By Julie Cole
It was a Bible history lesson in 3-D.
This last May, 27 people were deeply impacted by the sights and sounds of many Biblical landmarks during Briercrest College and Seminary’s second study trip to Israel.
“I picked up five smooth stones from a riverbed near the battle of David and Goliath,” John Ottens, tour participant said. “I recited poetry in an old outdoor Roman theater and listened to the echo of my voice. I swam in the Sea of Galilee. I listened to people speaking Hebrew. It was almost like living in the Bible for a couple of weeks.”
“Trying to explain two weeks in Israel . . . it is indescribable,” Gayle Hagan, another group member insisted. “Being able to share this experience with my kids and my mom feels like such a gift – three generations of Jesus followers breathing in that place together.”
Tour group leader Cal Macfarlane agrees.
“Israel is one of those places where I thought, ‘Yeah, you know, I could take it or leave it’ . . . But I’ll tell you, after being there I went, ‘Oh my goodness!’ I just had no idea. It really is remarkable.”
Macfarlane, who is also a potter, found some places of particular interest.
“I kept on finding these (pottery) handles,” he said. “(I also found) pieces of Roman glass, and little bits of jewelry. The kind of access they give you there is really something,” he said. “So many times in North America when you’re at important sites, you have barriers. There you’re walking on these roads and you’re picking up pieces off pottery that are 3,000 years oId. They don’t seem to mind if you keep a couple of shards.”
The Briercrest group travelled with a licensed Israeli guide throughout their trip.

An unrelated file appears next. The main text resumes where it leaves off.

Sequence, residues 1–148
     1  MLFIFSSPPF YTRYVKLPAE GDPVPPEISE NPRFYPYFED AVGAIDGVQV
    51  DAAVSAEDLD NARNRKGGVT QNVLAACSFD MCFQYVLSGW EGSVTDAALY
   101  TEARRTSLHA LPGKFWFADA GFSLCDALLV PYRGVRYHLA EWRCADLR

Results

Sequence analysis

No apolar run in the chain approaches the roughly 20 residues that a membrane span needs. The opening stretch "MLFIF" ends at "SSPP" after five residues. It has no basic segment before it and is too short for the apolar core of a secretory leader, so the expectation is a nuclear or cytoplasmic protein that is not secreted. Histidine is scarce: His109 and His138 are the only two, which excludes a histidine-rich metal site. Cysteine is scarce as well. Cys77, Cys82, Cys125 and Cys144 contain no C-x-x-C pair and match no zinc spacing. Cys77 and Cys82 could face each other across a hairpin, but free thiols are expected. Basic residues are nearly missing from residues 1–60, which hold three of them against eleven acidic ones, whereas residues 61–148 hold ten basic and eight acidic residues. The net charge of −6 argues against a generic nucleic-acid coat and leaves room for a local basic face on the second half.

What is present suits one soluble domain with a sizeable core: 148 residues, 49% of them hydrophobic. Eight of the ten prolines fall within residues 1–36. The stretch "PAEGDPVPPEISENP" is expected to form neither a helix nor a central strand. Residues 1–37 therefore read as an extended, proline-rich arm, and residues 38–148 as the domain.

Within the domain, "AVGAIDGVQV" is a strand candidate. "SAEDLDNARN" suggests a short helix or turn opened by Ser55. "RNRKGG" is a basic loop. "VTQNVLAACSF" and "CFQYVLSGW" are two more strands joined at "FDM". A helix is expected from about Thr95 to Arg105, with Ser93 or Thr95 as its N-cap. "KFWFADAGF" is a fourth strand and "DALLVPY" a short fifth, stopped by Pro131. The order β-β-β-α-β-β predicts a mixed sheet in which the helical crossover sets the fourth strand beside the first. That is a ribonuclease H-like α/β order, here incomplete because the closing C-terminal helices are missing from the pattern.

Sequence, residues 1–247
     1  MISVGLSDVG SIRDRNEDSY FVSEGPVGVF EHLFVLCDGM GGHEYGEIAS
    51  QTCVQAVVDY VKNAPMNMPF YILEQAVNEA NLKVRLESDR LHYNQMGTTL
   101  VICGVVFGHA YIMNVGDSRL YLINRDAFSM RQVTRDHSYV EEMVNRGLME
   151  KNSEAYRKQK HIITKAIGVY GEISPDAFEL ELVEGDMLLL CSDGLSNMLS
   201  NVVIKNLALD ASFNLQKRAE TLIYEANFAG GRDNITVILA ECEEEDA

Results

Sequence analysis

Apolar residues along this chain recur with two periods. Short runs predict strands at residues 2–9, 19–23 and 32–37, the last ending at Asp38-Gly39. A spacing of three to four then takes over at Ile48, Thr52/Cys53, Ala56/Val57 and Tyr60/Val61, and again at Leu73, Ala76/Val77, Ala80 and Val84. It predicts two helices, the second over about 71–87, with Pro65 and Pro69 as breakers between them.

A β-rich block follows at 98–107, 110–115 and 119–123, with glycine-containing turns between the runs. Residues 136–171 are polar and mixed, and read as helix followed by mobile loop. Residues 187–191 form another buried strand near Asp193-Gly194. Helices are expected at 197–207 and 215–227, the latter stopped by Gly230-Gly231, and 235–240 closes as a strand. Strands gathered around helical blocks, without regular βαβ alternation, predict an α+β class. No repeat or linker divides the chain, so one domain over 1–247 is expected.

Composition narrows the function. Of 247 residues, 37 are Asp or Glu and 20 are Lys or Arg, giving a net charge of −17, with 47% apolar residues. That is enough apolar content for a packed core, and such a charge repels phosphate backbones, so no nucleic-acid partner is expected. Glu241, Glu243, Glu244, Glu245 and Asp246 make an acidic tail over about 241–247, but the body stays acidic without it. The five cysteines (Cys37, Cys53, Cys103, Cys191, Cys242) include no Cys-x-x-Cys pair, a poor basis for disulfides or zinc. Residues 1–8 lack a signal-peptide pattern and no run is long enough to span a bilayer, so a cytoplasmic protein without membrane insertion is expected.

“He was a fabulous resource,” Macfarlane exclaimed. “He was a warm-hearted believer who was able to take us places that normal tour groups don’t get a chance to see.”
Hagan says having a local guide who understands the culture increased her understanding of the Middle East.
“(Our guide’s) knowledge of the region, his faith and the experiences he has been brought through by Jesus helped us to see the land not as a Bible story or the place where Jesus walked but also the place where God continues to work out His redemption plan for each person . . . today.”
Participants of the tour had the option of completing assignments and receiving college credit for the tour. Some of the sights the group took in had a particular appeal to students of biblical history.
One of those was Cave 1 at Qumran. The group got to climb up to this landmark which was where the Dead Sea Scrolls were found – a discovery which changed the study of the Old Testament.
Such a first-hand experience of historical places felt a bit surreal for group participants.
“We visited the Church of the Annunciation, a huge, beautiful basilica constructed on the site where the village of Nazareth once stood,” Ottens said. “I could hardly believe I was standing there being added to the numberless multitude of Christians who have been visiting that place for 2,000 years to remember and worship.”
“The wealth of history and experience we saw there continues to stop me in my tracks,” Hagan insisted. “Whether it’s about chunks of marble washing up on shore from Caesarean columns carved over 2,000 years ago or walking down 2,000-plus year old paved city streets where horse- drawn carts wore deep ruts so similar to our modern day tractor/trailer ruts on Canada’s Highway 1.”
Israel is a hotbed of political activity, but tour participants say they felt safe throughout their trip.
“There’s a military presence for sure,” Macfarlane admitted. “You see it all over the place. At first it’s disconcerting when you see (the soldiers) there with their sub machine guns. But even the soldiers we met and talked to were all very engaging and very competent. We felt really safe.”
Participants say the experience is well worth it. If another Briercrest tour takes place in two years, they encourage people to consider taking the trip.
“For others who may be contemplating signing up for the journey – just go!” Hagan exclaimed.
“I found it transforming the way I was reading Scripture and being able to picture things,” Macfarlane said. “You feel this particular connection. You don’t read your Bible the same way again.”